Transvaginal Hydrolaparoscopy (THL) - This procedure can be performed in the doctor's office with only minimal pain medication and no abdominal incisions. Most patients receive oral sedation 40-50 minutes before and would have the procedure again with the same protocol. The woman rests comfortably on an exam table with legs in holding supports. Local numbing medication is given and the scope inserted just beneath the intersection between the back of the cervix and the vagina. Injection of local is typically worse than introduction of the scope. The patient can see to her anatomy on the monitor and ask questions during the entire procedure which takes about 30 minutes. Saline solution is infused into the pelvis and causes the bowel to float up and out of the waypelvis making it easy to see the ovaries, tubes, and pelvic side walls.

- This requires small incisions in the abdomen so a scope can be inserted through the belly button to diagnose or treat endometriosis. A diagnostic laparoscopy can be performed with IV sedation in the office. Operative laparoscopy requires general anesthesia.

What is the best treatment option for endometriosis?
There are 2 choices for managing endometriosis, medical or surgical, and both have their merits.

Medical management – Suppression of cyclic ovarian function will reduce endometriosis pain related symptoms.

Estrogen/progestin contraceptives(EPCs) are generally the first recommendation, especially for younger women. EPCs reduce menstrual cramps, flow, and intercourse related pain in about 50% of cases. Side effects, complications, failure to control or return of symptoms cause the other 50% to seek further consultation.   It is possible to give EPC’s continuously to extend the interval between periods, thus decreasing periods to 6 or less each year. It doesn’t work for every woman but is worth a try.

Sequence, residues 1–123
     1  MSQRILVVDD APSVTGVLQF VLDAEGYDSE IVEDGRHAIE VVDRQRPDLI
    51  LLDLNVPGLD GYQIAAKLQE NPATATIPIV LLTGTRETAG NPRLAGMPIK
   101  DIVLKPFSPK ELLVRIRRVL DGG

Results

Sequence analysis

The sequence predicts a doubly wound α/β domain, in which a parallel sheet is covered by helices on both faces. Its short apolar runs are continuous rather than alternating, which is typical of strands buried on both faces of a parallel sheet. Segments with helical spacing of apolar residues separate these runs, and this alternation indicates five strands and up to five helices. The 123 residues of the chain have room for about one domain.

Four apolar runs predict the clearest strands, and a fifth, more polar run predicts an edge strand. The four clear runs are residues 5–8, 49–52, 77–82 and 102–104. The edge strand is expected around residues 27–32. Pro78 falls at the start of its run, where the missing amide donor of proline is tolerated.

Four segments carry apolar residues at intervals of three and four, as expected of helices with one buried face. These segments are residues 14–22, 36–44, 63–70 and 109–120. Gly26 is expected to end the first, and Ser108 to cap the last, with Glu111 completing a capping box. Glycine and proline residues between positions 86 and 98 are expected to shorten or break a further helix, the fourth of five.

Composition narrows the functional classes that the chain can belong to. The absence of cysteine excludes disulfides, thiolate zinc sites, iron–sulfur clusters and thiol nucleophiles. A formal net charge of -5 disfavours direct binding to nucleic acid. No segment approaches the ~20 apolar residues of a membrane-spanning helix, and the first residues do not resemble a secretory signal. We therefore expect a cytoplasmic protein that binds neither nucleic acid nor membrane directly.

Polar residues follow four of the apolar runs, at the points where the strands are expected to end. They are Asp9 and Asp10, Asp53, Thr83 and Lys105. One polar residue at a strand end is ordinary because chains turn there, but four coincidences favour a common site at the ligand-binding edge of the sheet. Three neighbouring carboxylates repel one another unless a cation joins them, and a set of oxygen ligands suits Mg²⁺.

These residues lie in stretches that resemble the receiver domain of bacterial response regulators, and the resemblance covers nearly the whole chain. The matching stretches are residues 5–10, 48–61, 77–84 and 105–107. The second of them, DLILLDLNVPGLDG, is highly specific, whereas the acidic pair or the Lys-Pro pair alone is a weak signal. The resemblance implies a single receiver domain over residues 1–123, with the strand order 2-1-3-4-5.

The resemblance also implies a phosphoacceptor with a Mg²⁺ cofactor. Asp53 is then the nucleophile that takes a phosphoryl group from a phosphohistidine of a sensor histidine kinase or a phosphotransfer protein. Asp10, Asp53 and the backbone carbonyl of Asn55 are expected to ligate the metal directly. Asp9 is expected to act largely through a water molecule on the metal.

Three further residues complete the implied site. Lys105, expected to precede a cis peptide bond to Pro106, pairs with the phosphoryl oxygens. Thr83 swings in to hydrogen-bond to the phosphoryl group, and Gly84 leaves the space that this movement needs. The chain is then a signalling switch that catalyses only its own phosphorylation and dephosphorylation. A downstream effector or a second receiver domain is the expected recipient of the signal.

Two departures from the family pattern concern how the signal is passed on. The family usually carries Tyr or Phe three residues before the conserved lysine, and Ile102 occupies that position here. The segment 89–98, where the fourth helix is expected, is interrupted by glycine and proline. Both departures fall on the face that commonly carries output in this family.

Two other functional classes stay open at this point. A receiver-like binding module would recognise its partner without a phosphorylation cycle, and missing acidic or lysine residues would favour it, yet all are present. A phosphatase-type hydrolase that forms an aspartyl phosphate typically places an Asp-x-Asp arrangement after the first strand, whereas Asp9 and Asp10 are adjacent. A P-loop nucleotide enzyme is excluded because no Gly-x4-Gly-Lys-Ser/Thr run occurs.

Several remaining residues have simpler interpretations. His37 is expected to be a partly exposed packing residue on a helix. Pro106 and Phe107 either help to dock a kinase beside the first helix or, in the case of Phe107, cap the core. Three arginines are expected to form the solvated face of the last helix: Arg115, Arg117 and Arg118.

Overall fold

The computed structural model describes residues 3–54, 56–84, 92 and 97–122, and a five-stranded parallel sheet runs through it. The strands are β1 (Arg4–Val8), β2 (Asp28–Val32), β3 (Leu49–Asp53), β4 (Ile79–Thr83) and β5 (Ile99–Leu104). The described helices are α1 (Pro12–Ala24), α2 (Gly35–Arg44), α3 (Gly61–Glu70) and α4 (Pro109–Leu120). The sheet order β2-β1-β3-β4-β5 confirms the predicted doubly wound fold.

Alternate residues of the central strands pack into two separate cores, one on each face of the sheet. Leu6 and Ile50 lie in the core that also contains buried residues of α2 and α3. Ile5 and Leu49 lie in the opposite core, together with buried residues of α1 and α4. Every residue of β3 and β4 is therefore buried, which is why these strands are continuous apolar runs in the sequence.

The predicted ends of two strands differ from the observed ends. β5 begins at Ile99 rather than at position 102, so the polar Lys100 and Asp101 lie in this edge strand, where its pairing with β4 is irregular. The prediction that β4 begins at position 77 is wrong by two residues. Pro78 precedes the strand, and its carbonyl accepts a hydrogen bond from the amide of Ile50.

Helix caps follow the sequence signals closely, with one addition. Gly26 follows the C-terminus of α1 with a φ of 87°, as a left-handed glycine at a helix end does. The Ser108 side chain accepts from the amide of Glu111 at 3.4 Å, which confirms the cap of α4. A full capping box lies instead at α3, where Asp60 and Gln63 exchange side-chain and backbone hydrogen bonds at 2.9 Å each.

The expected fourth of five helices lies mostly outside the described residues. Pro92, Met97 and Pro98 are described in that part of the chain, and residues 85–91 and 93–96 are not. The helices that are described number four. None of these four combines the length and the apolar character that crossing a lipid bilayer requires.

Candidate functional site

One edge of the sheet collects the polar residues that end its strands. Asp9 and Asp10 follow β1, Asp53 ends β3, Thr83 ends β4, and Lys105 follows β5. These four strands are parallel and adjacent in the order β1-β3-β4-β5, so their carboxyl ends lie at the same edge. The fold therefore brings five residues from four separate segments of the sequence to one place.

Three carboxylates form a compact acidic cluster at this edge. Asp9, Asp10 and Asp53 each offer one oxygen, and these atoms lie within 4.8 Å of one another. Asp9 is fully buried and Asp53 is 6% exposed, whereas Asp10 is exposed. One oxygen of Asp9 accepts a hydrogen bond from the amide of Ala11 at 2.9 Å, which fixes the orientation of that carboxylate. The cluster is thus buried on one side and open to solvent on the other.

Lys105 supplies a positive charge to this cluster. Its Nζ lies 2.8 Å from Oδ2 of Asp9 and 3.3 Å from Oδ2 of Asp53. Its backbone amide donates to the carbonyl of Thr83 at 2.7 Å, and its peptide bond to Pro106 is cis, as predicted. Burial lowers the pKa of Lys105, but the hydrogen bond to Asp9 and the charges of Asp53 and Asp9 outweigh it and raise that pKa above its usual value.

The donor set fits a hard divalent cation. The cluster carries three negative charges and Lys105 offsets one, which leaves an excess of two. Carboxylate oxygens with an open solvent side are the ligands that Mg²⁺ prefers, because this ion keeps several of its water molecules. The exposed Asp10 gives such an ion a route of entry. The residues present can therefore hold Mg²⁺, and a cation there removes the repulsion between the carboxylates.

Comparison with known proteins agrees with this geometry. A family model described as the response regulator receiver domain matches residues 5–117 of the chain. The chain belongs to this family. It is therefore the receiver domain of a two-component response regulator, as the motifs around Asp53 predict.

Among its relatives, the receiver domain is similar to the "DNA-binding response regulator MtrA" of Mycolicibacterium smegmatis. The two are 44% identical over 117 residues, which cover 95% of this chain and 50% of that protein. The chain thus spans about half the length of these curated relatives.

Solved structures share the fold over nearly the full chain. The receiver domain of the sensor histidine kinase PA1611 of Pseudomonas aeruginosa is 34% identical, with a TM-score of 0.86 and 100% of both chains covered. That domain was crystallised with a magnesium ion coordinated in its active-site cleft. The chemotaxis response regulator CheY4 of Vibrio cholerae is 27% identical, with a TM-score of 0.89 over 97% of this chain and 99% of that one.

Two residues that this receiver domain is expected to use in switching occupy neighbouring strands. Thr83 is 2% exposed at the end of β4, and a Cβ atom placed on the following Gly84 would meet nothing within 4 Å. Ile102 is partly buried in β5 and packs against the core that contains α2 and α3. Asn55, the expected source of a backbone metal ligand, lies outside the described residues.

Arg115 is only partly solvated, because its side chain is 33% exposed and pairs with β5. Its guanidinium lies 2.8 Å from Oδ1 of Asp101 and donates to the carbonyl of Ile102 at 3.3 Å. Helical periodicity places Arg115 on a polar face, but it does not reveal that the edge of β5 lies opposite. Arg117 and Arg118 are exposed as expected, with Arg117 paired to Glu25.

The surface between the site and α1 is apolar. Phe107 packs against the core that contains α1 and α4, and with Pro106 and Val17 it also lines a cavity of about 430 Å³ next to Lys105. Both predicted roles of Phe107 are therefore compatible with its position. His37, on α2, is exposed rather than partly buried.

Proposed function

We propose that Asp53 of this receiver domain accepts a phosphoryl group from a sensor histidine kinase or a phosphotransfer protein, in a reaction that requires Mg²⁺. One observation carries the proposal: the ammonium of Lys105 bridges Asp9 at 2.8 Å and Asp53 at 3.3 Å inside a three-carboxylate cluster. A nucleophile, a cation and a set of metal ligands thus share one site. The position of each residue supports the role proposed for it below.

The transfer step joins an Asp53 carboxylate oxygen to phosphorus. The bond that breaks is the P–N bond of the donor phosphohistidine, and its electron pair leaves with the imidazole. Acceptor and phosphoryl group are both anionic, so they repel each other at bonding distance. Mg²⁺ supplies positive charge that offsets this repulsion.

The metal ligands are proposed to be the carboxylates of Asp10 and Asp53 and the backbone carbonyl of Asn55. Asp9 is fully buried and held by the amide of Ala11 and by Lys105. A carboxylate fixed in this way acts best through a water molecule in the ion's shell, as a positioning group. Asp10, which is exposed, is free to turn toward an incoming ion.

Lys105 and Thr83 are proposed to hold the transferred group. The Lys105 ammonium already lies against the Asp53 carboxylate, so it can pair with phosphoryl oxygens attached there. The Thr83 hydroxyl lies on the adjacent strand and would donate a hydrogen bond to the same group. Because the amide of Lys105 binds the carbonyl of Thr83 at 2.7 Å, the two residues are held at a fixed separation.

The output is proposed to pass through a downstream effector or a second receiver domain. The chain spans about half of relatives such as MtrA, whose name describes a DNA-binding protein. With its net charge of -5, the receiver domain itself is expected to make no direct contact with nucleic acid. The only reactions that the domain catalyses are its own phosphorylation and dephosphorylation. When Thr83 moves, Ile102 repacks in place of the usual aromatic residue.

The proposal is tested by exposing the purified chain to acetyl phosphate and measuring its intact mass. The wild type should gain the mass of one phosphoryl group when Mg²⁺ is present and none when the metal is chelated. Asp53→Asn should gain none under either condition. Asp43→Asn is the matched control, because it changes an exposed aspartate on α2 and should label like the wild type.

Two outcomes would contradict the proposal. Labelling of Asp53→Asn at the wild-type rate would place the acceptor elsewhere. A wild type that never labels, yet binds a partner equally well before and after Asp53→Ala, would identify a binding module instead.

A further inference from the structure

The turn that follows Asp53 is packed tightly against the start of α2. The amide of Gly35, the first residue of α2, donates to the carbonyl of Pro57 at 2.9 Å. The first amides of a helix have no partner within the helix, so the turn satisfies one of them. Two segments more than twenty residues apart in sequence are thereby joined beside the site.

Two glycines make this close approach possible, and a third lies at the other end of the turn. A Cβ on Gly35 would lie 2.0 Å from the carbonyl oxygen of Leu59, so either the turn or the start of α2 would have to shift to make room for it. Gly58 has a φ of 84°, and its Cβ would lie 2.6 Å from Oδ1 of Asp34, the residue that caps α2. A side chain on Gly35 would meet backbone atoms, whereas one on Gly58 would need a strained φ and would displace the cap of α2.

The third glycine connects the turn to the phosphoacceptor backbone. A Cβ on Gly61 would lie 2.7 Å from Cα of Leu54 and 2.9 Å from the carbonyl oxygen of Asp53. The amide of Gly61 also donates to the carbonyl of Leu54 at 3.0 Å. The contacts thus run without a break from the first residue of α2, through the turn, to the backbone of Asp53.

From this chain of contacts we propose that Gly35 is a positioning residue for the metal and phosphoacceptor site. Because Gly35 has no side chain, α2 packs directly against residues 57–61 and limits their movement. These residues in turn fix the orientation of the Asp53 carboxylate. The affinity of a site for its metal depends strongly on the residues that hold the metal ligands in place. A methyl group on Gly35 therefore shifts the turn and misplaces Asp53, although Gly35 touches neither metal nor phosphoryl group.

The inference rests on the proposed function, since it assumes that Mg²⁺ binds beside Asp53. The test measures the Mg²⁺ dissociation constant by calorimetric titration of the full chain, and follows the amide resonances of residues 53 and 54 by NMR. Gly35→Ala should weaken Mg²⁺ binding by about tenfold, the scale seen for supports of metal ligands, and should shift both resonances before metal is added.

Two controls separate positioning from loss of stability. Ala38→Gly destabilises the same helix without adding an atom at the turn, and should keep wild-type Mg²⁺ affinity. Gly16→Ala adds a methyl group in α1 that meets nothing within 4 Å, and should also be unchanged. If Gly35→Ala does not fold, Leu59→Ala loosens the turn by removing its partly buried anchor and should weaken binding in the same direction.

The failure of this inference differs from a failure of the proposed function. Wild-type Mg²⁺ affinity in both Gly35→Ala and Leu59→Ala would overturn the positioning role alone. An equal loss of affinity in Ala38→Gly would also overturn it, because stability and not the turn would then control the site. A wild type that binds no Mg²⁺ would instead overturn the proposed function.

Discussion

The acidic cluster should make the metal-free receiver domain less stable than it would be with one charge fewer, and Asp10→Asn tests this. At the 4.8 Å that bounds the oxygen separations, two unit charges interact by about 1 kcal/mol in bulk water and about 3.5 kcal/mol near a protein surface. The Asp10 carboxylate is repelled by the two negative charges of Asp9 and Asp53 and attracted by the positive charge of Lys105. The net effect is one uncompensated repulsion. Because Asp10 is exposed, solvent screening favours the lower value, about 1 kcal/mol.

High dose Progestational agents

GNRHa(gonadotropin releasing hormone agonist) are a class of compounds that selectively stop the pituitary gland from stimulating the ovaries.   

Drugs that suppress the activity of the ovaries can slow the growth of the endometrial tissue implants. There are a variety of medicines, each with their own side effects, so you and your doctor should discuss the options. This can keep the symptoms under control. It should be kept in mind that drug treatment does not cure endometriosis, it will probably return if the treatment is stopped.  There are side effects that can increase the risk of osteoporosis or heart disease. Consultation with your physician is necessary.

Surgical Management

Laparoscopy - This requires small incisions in the abdomen so a scope can be inserted through the belly button to diagnose or treat endometriosis. If endometriosis is identified at the time of diagnostic laparoscopy, an operative laparoscopy can then be performed to remove the endometrial tissue implants. This requires additional small incisions for the placement of graspers, scissors, and other instruments to remove the implants. The procedure is done as an outpatient and return to work is expected in approximately 2 weeks or less.
There are various laparoscopes. Originally, these scopes were 10-mm in size. Advances in fiberoptic technology allow us to now use 3 and 5-mm scopes. It is important to discuss the size of the scope and the accessory ports with the doctor because the size of the incision will contribute to recovery. The Advanced Women's Health Institute uses either a 3 0r 5-mm scope because we feel that 10-mm scopes are no longer necessary.

Open Abdominal Surgery for Endometriosis - This procedure is accomplished using a 4-6 inch open abdominal incision to perform the operation. However, laparoscopy represents a less invasive, less painful approach to endometriosis. 

What about a natural remedy or diet?

It may be possible to manage some symptoms with various alternative methods.Advanced Women's Health Institute is unaware of controlled studies.
If you choose to use some alternative methods, it should be noted that all therapies and diets should be discussed with your physician to make sure that there is no contraindication with any prescriptions or other therapies or treatments being performed or contemplated. Always keep an open communication between all you practitioners.